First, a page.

Notes from the annual Art of Baseball Exhibit at the George Krevsky Gallery

PhotobucketWinky, San Francisco Seals, 2010, Stacey Carter

I’m standing next to Tom O’Doul, 67, who looks so much like his famous cousin Lefty O’Doul it’s uncanny, and as we view a painting of a bat boy for the team Tom once knew, he says it’s fairly accurate. Never a bat boy himself, though he got to go in the dugout during games, Tom explains a subtly the artist captured, how San Francisco Seals bat boys received a blue cap with SEALS in white block letters, while players got caps with SF lettering.

It’s the sort of attention to detail that sometimes gets neglected in other works. Art and baseball don’t always have the smoothest conflux, as Lefty O’Doul could attest from his time trying to teach Gary Cooper how to properly swing for Pride of the Yankees or the makers of Field of Dreams might cop to, since they had Shoeless Joe Jackson bat right-handed since he hit from the left but Ray Liotta could not. Still, many of the works in the 13th annual Art of Baseball exhibit at the George Krevsky Gallery in San Francisco accurately reflected the game.

I attended the exhibit Thursday evening with Tom O’Doul and other members of the Society for American Baseball Research, which I recently joined. Coincidentally, the gallery is three blocks down Geary Street from Lefty O’Doul’s bar and restaurant.

I’m generally not much of a museum guy. While some people spend hours looking at a painting, I could probably do the Louvre in under a half hour. Heck, I even breezed through the National Baseball Hall of Fame when I was there in 1997. So I don’t have any sophisticated artistic expertise to offer here, besides to say that aesthetically, I found the show pleasing.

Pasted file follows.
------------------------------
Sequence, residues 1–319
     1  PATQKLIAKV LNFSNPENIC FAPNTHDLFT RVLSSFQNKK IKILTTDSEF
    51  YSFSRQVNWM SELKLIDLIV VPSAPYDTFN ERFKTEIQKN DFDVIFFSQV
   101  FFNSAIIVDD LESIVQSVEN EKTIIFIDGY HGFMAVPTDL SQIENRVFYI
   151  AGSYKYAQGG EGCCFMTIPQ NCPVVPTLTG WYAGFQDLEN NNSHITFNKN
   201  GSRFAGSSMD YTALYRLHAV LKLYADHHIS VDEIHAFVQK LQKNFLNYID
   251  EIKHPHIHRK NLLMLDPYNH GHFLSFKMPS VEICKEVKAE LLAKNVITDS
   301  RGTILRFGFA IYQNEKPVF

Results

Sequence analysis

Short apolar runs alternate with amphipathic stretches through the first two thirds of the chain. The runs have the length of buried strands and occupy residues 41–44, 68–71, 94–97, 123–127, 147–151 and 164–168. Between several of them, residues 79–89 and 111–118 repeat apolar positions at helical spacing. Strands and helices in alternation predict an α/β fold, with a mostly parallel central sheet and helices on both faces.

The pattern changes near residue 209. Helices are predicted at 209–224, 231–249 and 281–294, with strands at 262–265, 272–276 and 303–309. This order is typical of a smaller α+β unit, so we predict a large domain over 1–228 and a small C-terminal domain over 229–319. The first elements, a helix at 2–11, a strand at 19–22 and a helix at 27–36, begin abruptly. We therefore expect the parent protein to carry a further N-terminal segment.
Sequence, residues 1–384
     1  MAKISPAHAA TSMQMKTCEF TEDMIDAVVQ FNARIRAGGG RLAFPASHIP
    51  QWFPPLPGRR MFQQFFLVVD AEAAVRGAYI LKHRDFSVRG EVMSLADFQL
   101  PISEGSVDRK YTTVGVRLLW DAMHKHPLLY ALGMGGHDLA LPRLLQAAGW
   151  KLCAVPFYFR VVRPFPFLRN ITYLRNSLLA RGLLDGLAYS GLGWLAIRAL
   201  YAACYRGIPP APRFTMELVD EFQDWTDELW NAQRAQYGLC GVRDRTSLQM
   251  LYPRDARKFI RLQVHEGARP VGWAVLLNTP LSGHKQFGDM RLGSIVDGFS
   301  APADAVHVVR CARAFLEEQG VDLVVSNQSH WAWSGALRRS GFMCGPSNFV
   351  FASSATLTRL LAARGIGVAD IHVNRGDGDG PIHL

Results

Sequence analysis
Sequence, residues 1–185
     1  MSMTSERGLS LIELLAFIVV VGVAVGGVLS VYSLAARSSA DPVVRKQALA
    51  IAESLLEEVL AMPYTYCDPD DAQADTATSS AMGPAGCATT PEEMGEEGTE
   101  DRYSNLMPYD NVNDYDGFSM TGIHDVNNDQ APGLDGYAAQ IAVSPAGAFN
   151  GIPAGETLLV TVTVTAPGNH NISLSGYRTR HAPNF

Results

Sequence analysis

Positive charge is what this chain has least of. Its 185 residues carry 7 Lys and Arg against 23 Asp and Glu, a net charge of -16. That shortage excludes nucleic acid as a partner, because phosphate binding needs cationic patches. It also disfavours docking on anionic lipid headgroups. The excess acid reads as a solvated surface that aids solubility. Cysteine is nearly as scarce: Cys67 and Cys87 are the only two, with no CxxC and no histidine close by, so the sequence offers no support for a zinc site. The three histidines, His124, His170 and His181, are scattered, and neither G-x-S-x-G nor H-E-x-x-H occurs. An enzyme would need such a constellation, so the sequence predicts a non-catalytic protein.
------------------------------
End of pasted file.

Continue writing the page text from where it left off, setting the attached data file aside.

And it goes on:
The works varied in style, though some of my favorites had a lifelike quality to them. Arthur K. Miller contributed paintings of Mickey Mantle, Juan Marichal, Satchel Paige and this one of Tim Lincecum:

PhotobucketTim Lincecum, Arthur K. Miller

I enjoyed talking baseball with the various people in attendance, including gallery owner George Krevsky, who said he played baseball for Penn State. I pride myself on my baseball library, and Krevsky has one that could rival it in the office that connects with the main room of his gallery. Along with classics I’ve read like The Boys of Summer and Baseball’s Great Experiment, I noticed copies of three books by Jim Bouton, one of my favorites. Krevsky said Bouton used to play handball with his father, who was nationally ranked and that in years past he’s wanted to get Bouton to the show.

This year, Krevsky featured a reading and signing by another author, Jeff Gillenkirk, who’s written for The New York Times, The Washington Post and Mother Jones magazine and whose latest book, Home, Away debuts this month (Gillenkirk said a glitch on Amazon says it can’t be purchased there until September but that it’s available on his publisher’s Web site.) The book is about a ballplayer who leaves the big leagues to be closer to his son, and Gillenkirk read an excerpt where the 39-year-old protagonist winds up in independent league ball at $65 a game.

All in all, it was an enjoyable night and probably the last time I’ll go to an art show for a long time unless I meet a girl or the San Francisco Giants invite me to a gallery opening. In a perfect world, both could happen.

I’ll close with this last work by Valentin Popov, a Ukrainian-born artist Krevsky said he’s admired for years but had never painted baseball before and “didn’t know baseball from a pineapple.” I would be interested to see what other baseball works Popov can produce.

PhotobucketFriday Night, Valentin Popov

3 Replies to “Notes from the annual Art of Baseball Exhibit at the George Krevsky Gallery”

  1. I am going to try and be in this show next year….the hard part about baseball art is that there are illustrators and then there are artists. This show is heavy on the art but some illustrators crept in….”Gee it looks just like a photograph!” is that art or is that very good tracing and projection tracing? Any fool can hit a home run off a tee ball but not too many people can hit a run off of a 2.50ERA pitcher

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